Be Intentional


I believe there are two sides in every story. I know there is a ying for every yang. That’s why I feel that the same thing can be said for the Internet. I look at the last 10 years and feel the Internet has rose to dizzying new heights. Almost everyone has access to high speed-internet anytime and anywhere no matter where you are in the world. Almost everyone I know all have a mobile device of some kind. The Internet has definitely changed how we live. And because of this we often see people in a zombie-like daze while looking at their gadgets’ screen. Consumed. Disconnected and unplugged from what’s right in front of them.

I don’t know about you, but as a kid, I remember playing outside a lot. The adventure was out there. The neighborhood kids and I would jump, run, shout, cry, laugh, and make memories that we cherish while exploring the outdoors. Looking at the adventure my kids experience it confined to the four corners of a screen. It seems that everything today is sucking us into a virtual world rather in the real one. I have one child that was born prior to the iPhone and one that is growing up enraptured by it. There schools have discontinued books for iPads. I wonder if this trend continue until playgrounds become obsolete?


We are becoming the servants in thought, as in action, of the machine we have created to serve us.

- John Kenneth Galbraith

I’m not anti-technology. I love my iPhone, my iPad, my eBooks, my Facebook and Twitter friends. Nor am I against progress. All of this is vital for communication and society. We are very social society and we carried this trait even into ‘the information age.’ We have created social media sites and we are now up to date with our friends’ every move. We take pictures of ourselves from the time we wake up until we are about to go to sleep and post them in every social networking site possible. Even the food that we eat is not safe. Last week my family and I were eating out and right before we ate we prayed. My son noticed right after we were done, that a group of people beside us who received their food right after we did, didn’t pray but rather took pictures of the food first as if it is against the law to eat without posting pictures of your first. We love our friendships and try to have as many friends as possible on Facebook, Twitter, Instagram and Google (T.G.I.F.). And because of that we spend a lot of time on our devices so that we don’t lose touch. We send our best wishes for every occasion by short messages, someecard, and pictures instead of sending cards or posting cards. Far to many times, we indulge in the online relationships more than who’s right in front of us trying to get our attention; like I explored in my posts Twitter and Facebook are a waste of time. Wouldn’t it be nice if we have as many “real” friends as online ones?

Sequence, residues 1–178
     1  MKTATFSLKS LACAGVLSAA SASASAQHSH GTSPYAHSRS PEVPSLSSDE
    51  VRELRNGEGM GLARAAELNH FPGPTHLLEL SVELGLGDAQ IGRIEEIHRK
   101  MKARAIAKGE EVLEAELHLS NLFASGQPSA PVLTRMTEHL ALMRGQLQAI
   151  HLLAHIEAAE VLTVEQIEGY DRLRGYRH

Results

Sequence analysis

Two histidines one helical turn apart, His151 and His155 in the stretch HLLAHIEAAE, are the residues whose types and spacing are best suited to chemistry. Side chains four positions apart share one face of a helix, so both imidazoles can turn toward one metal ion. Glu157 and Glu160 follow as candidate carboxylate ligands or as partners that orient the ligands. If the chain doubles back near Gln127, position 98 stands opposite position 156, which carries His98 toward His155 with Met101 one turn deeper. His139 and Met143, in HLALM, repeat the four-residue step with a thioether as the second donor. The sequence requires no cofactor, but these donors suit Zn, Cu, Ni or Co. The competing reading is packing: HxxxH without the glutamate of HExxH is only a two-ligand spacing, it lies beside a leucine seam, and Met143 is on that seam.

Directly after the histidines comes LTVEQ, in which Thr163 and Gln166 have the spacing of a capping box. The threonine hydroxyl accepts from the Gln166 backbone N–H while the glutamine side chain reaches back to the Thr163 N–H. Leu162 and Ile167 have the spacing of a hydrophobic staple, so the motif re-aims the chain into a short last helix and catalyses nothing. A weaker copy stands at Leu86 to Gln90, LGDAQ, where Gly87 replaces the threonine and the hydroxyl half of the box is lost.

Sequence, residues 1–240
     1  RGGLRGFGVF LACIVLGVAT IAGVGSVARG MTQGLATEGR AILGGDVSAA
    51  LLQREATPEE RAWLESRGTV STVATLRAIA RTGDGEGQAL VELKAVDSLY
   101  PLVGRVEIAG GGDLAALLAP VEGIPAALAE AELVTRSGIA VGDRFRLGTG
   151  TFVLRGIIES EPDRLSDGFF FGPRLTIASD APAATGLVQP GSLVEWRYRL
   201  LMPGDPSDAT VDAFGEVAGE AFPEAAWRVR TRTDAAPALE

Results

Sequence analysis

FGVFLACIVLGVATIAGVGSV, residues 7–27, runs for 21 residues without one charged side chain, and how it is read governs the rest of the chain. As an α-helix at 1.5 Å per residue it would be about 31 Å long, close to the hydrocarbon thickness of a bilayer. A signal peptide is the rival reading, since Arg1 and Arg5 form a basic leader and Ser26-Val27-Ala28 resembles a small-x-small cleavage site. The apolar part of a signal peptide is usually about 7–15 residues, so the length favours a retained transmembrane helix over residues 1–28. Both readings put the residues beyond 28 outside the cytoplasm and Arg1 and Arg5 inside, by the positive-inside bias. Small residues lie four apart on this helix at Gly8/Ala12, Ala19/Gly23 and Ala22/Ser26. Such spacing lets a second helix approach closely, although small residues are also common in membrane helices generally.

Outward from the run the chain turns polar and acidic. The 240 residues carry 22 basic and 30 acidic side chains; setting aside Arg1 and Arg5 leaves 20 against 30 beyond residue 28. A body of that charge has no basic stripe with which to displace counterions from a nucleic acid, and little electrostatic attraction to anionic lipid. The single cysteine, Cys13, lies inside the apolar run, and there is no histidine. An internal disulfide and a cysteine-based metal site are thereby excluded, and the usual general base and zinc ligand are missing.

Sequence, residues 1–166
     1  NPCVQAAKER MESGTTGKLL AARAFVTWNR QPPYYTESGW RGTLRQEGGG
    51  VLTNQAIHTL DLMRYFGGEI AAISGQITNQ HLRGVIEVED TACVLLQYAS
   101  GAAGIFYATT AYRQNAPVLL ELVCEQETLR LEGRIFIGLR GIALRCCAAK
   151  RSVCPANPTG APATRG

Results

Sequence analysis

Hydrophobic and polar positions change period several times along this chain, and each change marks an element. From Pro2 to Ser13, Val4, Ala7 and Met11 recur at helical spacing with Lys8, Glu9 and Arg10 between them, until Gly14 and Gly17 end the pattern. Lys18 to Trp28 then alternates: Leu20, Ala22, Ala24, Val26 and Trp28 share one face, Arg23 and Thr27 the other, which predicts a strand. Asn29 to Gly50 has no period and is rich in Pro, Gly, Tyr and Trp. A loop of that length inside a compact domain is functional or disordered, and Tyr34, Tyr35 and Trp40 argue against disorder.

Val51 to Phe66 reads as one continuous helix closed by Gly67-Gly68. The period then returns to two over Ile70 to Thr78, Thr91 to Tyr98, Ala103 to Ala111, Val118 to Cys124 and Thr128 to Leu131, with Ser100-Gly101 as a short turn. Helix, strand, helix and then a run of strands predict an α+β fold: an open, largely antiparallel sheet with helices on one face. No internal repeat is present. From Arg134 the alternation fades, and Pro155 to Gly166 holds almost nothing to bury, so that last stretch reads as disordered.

The other day, I saw a commercial for an Internet provider where the company claims that their Internet connection service can make the family bond stronger. In reality, more and more families lose the real “connection” with each other. Almost every member of a modern family tend to be absorbed with their own individual gadgets, each one bowing to his or her electronic gadgets from dusk until dawn. I can imagine how Norman Rockwell would paint his famous “Thanksgiving Dinner” today; each member around the table seduced by the electromagnetic emissions of some sort of device. Of course, this does not happen to all families, but the numbers are disturbingly high. I hope that real family bonding will have a major comeback.


Men have become the tools of their tools.

- Henry David Thoreau

A friend told me once that he dreaded the day when children no longer know what a library is. I know it was just a joke, but it made me think. My generation was lucky enough to experience both the times when the Internet still was not popular and now that it almost reached a religious status. Students used to look for information in books, magazines, and publications of all types to finish their homework and other school-related activities. Now, the entire knowledge of the human race is at every person’s fingertips. Some conservative educators even say that the Internet makes students lazy.

The Internet and how we operate online is now on par with money in terms of giving us a moral dilemma. It is now a source of both good and evil. It is up to each of us on how we use it. In ancient times, before knowledge freed our minds, people believed that the world was flat and it had corners. So, why do we use knowledge to trap ourselves within the four corners of a screen?

In world filled with distractions, do you find that it’s hard to be intentional and be consumed with those around you? Checkout my book Framing Faith and sign up for exclusive updates and give aways.

Matt Knisely

Matt Knisely is an Emmy Award–winning visual storyteller, creative director, and author who loves telling stories of the extraordinary. Make sure you check out his book Framing Faith, it helps connect the seemingly unconnected, see the beauty right in front of us, and revealing how to be present in the moment.

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